Environment and Sustainability

Saturday, July 20 rally to “end the senseless violence, to demand justice for Trayvon Martin, to focus on healing, to honor the dream of Dr. Martin Luther King and to seek a brighter tomorrow.”  Photo by Bill Hughes.

Street journalist, Bill Hughes, covers three actions this week: the "March For Justice" on Saturday, the fair development demonstration on Wednesday, and the "Flush the TPP" action on Tuesday.

"Occupy Gezi" Action in NYC.

In recent weeks, a parcel of land that had been vacant for two decades in the southern portion of Williamsburg, Brooklyn, was seized by New York City environmental direct action group Time’s Up, and converted into what the collective called the “Nothing Yet Community Garden.” It was an action that fell within the group’s quarter-century history, recalling collaborative work to defend community gardens similarly establis

This past week, Gar Alperovitz, author of America Beyond Capitalism, spoke at the New America Foundation in Washington, DC. Alperovitz spoke about his new book, What Then Must We Do? Democratizing Wealth and Building a Community-Sustaining Economy from the Ground Up, and described the potential of worker-owned enterprises in the US to build a political movement and challenge the trend of neoliberal capitalism.

Global capitalism, based on corporate power and militarism, is destroying our economy, our society and our planet. Economic democracy that economically empowers people and communities allows us to share the resources of the planet for the welfare of everyone. Discover positive examples of economic democracy that are taking place in Latin America and in the United States.

Green Acres: Artists Farming Fields, Greenhouses and Abandoned Lots by Sue Spaid, Marianne Amoss, Kristian Bjørnard and Jenny Kaminsky

It seems that the biggest thing holding back eco-art these days is the lack of information about their practices. People always seem receptive to artists’ innovative ideas. On January 18th, 2013, at Red Emma's Bookstore Coffeehouse, a release event was held for the book Green Acres: Artists Farming Fields, Greenhouses and Abandoned Lots. Here, we bring you a panel discussion about issues raised by the book.

Fern Benally of Black Mesa, AZ and Dustin Steele of Mingo Co, WV on the steps of Peabody HQ, Photo credit: RAMPS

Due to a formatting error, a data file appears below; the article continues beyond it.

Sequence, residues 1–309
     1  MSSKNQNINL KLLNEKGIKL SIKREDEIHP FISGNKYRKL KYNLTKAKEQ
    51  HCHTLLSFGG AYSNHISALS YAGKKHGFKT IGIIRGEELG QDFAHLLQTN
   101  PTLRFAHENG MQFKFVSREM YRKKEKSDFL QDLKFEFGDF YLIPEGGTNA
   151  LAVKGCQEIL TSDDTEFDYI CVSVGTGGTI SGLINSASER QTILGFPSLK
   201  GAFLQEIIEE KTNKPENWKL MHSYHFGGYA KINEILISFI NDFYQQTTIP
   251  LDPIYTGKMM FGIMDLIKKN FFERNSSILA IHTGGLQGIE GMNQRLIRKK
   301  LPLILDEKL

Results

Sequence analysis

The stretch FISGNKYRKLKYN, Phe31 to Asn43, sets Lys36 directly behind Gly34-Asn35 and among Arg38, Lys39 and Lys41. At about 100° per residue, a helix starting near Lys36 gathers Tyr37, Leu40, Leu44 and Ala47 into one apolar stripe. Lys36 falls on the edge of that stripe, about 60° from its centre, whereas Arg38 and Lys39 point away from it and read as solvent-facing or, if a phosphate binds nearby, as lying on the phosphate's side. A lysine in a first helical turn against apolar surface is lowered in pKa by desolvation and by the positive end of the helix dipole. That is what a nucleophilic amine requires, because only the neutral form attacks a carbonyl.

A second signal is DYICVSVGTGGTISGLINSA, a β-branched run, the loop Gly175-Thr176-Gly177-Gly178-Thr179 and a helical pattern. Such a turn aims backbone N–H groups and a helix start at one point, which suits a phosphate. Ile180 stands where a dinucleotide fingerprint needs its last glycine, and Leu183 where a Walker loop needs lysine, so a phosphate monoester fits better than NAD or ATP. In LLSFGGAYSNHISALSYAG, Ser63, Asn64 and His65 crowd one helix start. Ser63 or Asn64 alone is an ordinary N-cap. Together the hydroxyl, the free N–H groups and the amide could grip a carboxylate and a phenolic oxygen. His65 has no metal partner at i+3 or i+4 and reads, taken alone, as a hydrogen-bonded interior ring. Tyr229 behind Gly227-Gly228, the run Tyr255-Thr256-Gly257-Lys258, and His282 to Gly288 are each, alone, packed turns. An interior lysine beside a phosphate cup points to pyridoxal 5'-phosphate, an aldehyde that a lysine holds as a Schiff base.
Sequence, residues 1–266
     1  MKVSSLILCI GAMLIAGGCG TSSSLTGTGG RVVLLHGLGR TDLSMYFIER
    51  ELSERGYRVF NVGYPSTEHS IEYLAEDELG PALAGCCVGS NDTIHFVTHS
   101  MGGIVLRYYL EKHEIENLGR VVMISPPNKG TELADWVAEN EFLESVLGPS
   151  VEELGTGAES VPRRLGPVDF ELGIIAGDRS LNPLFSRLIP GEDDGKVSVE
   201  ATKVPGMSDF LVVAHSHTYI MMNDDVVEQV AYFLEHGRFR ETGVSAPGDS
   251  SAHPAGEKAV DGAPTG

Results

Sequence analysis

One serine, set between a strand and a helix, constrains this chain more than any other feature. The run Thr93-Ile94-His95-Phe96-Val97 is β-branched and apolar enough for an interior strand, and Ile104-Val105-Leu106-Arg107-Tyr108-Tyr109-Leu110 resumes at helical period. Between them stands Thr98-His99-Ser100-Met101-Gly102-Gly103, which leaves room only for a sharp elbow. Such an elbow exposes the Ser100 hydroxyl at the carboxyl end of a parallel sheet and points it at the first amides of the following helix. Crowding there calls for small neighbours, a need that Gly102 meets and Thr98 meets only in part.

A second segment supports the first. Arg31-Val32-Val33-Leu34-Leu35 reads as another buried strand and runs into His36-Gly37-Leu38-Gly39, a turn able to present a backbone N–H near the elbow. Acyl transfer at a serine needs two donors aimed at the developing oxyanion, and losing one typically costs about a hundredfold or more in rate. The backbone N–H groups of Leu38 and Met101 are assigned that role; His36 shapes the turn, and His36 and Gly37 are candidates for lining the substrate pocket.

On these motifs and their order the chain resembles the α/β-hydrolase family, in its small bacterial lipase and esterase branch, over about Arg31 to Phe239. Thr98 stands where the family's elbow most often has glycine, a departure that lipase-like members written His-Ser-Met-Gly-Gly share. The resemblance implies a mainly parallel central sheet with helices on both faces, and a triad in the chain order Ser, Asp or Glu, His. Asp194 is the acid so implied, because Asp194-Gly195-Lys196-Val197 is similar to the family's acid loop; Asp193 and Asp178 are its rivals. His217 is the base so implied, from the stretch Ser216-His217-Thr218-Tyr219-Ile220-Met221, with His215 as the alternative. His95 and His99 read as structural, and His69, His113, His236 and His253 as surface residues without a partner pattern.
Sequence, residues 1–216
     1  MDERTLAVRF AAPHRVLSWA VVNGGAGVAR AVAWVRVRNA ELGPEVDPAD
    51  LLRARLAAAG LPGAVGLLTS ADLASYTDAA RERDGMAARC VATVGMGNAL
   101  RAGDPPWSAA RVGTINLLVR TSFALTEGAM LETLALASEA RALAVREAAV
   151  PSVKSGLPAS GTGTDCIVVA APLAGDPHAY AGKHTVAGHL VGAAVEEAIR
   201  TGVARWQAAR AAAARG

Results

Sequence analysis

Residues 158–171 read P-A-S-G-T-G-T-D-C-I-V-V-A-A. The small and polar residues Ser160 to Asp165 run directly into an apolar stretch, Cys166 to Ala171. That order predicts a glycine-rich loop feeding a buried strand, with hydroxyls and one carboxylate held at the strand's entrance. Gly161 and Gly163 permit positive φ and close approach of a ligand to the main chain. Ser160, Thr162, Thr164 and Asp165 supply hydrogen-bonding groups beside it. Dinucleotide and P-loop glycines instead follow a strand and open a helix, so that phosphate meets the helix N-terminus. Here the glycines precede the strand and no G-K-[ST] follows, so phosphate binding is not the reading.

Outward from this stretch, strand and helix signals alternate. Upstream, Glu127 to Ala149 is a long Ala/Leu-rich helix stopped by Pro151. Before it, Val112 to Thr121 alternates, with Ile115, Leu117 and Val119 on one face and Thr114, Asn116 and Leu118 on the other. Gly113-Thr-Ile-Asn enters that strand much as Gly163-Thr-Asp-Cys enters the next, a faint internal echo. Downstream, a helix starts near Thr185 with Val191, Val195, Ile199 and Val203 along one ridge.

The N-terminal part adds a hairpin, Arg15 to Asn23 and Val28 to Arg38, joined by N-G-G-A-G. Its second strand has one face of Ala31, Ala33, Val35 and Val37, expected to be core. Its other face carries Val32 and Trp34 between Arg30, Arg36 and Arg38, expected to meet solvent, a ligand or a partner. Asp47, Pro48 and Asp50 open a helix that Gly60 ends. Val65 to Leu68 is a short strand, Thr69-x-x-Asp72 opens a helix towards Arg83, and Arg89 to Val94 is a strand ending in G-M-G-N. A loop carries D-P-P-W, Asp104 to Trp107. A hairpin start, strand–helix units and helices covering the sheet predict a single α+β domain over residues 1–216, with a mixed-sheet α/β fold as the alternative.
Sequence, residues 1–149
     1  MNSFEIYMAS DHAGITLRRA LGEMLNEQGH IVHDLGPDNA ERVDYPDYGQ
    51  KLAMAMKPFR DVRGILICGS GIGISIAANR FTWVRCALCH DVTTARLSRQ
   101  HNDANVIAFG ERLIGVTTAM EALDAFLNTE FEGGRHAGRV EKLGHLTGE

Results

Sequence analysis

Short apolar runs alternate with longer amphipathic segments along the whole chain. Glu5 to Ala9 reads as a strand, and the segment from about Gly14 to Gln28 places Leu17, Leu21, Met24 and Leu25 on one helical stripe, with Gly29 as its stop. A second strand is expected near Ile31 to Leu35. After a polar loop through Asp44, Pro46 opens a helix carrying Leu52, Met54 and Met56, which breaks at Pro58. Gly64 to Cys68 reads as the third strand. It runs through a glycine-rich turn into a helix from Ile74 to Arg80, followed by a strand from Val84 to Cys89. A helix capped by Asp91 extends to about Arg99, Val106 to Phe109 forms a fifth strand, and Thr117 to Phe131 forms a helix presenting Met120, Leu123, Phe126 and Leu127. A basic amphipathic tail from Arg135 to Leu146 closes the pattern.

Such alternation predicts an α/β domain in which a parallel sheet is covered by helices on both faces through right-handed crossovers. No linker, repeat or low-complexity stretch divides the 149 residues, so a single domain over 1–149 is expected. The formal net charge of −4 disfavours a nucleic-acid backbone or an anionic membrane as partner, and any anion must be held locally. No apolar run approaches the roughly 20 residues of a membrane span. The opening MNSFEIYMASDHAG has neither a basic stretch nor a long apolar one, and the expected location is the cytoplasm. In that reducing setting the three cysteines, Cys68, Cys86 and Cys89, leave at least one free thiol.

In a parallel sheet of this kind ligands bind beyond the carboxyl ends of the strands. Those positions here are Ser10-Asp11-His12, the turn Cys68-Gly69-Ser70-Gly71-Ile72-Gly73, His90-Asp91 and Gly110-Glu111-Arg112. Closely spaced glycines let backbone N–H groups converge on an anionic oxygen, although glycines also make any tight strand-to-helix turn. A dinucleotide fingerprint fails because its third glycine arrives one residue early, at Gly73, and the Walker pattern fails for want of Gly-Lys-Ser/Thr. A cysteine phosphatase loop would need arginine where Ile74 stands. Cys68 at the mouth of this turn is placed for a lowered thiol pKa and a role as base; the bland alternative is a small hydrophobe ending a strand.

Most of us know St Louis as the home of the Gateway Arch, of Budweiser and of the Cardinals baseball team. But the city also serves as the headquarters for Arch, Peabody and Patriot, which rank among the most environmentally and socially destructive coal companies in the US.

It’s hard to listen to reports on the UN climate conference in Doha without feeling like I’m listening to a broken record. Properly dealt with, climate change presents us with an opportunity to make the world a safer and fairer place. This is why much of the global justice movement (notably Naomi Klein) has diverted much of its efforts to climate activism. But UN Conference of Parties (COP) summits represent how not to react to the climate crisis. It’s clear where priorities lie, not just for the United States, but also for many of the other countries at the table: with the oil and gas industry.

Mountaintop removal in WV. Photo By: Climate Voices

On November 15th, 2012, Patriot Coal Corporation announced that they would immediately begin to halt  large scale surface mining in Appalachia, a practice which many know as: Mountaintop Removal (MTR). Patriot Coal is the one of the largest mining companies in the region and the second largest miner within West Virginia (the state most dramatically impacted by MTR). Environmental groups herald this as an overwhelming victory in the fight to stop this environmentally destructive practice. 

Hurricane Sandy shut down businesses all across the east coast—even businesses that pride themselves on never closing their doors. Photo by: Iris Kirsch.

With the dystopic, unreality show "Jersey Shore" in its waning sixth season, residents of the long Atlantic Coast in New Jersey have some rather more pressing concerns. Last week, the largest Atlantic hurricane on record crashed into the coast, plunging more than 8.2 million people into darkness, and flooding thousands of homes.


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